Over the past few days, I've been playing with some of the early fruit of the delivery of Apple's Webkit (which shipped along with Safari (or Ghetto Safari, as Kent prefers.) I'm sure there are others, but the first couple of WebKit-enabled apps I've played with are Steven Frank's WebDesktop 2.0 and YetAnotherAggregator, Shrook.
WebDesktop falls into the "cute toy" category, and that's not a slight against it. The initial version of it was coded basically on a dare, and it worked (as do a number of other OSX apps that need to display rudimentary HTML) by embedding the craptacular HTML renderer built into Apple Help Manager. That renderer was basically designed for simple text and graphics display, so it didn't support CSS, or even right-aligning images, among other things. But then, it's silly to denigrate something for failing to do something it was never meant to do.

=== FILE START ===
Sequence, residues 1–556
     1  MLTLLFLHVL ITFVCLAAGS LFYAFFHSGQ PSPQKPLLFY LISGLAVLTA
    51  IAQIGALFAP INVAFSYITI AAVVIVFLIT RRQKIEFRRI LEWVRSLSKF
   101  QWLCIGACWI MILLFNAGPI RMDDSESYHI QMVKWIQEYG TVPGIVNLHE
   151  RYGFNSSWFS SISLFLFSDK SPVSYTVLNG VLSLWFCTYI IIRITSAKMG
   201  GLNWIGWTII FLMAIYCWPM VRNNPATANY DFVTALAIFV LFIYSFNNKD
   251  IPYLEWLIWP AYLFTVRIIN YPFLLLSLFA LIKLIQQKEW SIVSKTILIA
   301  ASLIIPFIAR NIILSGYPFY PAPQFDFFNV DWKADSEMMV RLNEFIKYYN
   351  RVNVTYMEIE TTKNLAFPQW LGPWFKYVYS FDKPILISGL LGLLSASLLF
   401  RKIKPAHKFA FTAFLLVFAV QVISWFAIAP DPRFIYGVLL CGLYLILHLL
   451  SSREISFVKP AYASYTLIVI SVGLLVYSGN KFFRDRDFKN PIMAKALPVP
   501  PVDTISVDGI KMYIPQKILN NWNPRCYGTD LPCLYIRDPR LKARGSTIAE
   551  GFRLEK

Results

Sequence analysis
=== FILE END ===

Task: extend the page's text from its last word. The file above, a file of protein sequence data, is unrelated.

Shrook is a three-paned news aggregator, similar to NetNewsWire Lite, with a few novel ideas, like support for historical feeds and nested categories. The current (as of this writing) prerelease version of it uses WebKit for its HTML display, whereas earlier versions used the Apple Help renderer. This allows you to do neat things like being able to view the actual post for an RSS entry, great for feeds that only (big grumble) provide titles or (semi-grumble) short summaries. One feature that would be really nice would be an option to open these full HTML views by default for some title-only feeds (for example, Freshmeat's) on an individual feed basis, so you're not constantly toggling the feature on and off.
Brent Simmons has promised Webkit support soon in an upcoming Netnewswire release, and has been posting progress reports and screenshots on his weblog.
What I'm really looking forward to, though, is the next generation of apps, when people get past the obvious applications of a systemwide fast, lightweight, and correct rendering engine and start to get really creative. I can't wait to see what people come up with.
I can hire one half of the working class to kill the other half.
— Jay Gould